Monday, December 01, 2008 0 comments

"The Wire:" Exploring the Newsroom

In this season of "The Wire," there are a number of specific issues the show focuses on in concern to the newsroom and journalism across the board. There is a strong focus on the corporate ownership of newspapers well as recent trends in print journalism.

One aspect that stood out to me is the shows portrayal of newspapers in society and how the Internet relates to its success, or failure. In the show, one of the characters involved with The Baltimore Sun, envisioned a paper that did not have a focus on the Internet and did not want to see newspapers fade out and Internet sources fade in. The show explained that even the corporate owners of the Sun agreed with this vision for a long time and had a means to keep the paper the way it was, without the assistance from a Web site.

This however, could not last, which brings the show to illustrate what is changing about news and the newsroom. The paper was forced to make significant job cuts because the paper was receiving a significant less amount of readership. More people, especially younger readers were choosing not the read the print newspaper due to the Internet being available to them.

This focus on the show actually brings about a number of topics including job cuts, corporate ownership and the era of print journalism fading away. I think the show portrayed an accurate message of what is going on in the newsroom today.

This issue, in a way scares me because I fear that going into the journalism industry; it may be tough to keep a job. Print journalism is, I believe, dying out and only the journalists with great multimedia skills are left. Even so, this only makes me aware that, while in school, it is my duty to become as prepared as I possibly can be by learning so many new aspects of reporting that have become very popular in today's society.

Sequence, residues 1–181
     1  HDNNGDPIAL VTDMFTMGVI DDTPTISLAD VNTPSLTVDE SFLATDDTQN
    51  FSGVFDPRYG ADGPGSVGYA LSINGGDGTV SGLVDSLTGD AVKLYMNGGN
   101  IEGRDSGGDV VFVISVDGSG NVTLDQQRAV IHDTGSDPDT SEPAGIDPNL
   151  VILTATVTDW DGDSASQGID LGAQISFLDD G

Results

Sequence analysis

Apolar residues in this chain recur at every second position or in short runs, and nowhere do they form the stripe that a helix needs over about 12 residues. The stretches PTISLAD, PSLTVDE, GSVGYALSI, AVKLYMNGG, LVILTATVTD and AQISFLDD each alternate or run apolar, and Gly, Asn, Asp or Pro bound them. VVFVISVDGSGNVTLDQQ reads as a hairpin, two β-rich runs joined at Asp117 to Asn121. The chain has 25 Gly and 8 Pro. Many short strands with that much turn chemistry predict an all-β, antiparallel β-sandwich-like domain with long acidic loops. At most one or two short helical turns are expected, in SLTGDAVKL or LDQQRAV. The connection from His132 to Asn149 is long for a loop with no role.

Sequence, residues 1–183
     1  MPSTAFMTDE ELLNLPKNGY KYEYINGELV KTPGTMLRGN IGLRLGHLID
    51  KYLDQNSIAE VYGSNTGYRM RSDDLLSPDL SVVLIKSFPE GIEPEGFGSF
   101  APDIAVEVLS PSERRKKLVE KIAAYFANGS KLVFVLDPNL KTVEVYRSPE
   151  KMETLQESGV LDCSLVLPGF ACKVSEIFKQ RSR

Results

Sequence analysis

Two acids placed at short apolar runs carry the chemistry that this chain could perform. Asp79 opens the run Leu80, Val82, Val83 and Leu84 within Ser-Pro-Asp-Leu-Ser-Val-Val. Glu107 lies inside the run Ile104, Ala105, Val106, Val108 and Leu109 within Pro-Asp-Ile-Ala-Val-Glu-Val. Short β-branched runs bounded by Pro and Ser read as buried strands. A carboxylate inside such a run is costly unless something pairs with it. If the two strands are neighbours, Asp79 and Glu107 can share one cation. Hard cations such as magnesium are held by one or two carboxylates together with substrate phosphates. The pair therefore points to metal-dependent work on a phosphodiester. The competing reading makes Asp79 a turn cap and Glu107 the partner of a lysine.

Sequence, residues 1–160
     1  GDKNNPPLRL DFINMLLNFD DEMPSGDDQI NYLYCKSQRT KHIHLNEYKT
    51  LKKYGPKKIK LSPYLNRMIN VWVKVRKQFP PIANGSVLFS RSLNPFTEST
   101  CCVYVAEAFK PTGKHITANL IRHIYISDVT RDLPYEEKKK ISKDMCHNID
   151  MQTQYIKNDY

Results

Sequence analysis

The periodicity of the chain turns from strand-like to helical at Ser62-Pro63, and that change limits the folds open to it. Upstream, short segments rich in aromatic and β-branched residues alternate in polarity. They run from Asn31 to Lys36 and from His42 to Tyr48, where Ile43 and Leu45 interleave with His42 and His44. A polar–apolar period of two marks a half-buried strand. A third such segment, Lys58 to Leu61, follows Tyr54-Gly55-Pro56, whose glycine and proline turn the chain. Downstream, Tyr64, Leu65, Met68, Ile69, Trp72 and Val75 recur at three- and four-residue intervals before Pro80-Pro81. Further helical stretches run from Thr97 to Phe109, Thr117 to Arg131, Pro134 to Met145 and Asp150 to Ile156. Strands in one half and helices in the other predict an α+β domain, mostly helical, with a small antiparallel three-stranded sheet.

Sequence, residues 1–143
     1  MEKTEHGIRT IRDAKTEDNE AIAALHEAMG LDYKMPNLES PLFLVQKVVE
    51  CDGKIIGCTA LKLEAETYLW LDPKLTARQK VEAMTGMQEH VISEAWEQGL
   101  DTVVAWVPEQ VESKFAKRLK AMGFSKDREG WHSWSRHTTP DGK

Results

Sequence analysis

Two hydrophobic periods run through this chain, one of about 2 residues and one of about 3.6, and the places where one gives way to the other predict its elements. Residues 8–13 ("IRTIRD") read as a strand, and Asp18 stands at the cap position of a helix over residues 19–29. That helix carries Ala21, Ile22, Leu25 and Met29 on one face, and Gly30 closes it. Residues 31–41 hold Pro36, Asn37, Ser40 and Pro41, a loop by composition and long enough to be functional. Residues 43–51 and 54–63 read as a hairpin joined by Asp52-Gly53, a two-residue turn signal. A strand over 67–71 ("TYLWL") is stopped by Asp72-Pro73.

"The Wire: Season 5" has done a great job at illustrating what is going on in the world of news and sort of helps open the eyes up to aspiring journalists, letting them know what they are getting in to. The characters in the episodes say that this trend was coming along and for the most part did not want to see it be present. THey, as well as the corporate owners saw a desire to have the paper maintain it's print aspects but society would not allow this to continue without there being significant changes.
Sunday, November 30, 2008 66 comments

Pillars of Journalism: Objectivity, Accuracy, Plagiarism

There are so many important factors that are essential to proper journalism. Any reputable journalist must maintain several characteristics within their reporting at all times. It was difficult to choose only three important rules for journalistic writing because all of the rules I find very important. Below is a list of journalism rules that every journalist must not avoid.

Objectivity -
Journalists must maintain an objective standpoint whenever covering a news event or writing about a particular story. When a journalist looses their objective traits, the reader is then reading solely opinion instead of hard news.
Example: "Sen. Barack Obama will soon take office and will do a wonderful job as the nation's new president."
----This example clearly shows an objective viewpoint toward this topic and does not reflect journalistic qualities. The reader does not want to know how the reporter feels about the subject but instead wants the information as it stands. That is why objectivity is one of the most important traits to a journalists.

I cannot stress enough the importance of accuracy for a journalist. A reporter that does not report accurate information looses all credibility for their stories. Being able to report accurate information is one of the most important elements to a story.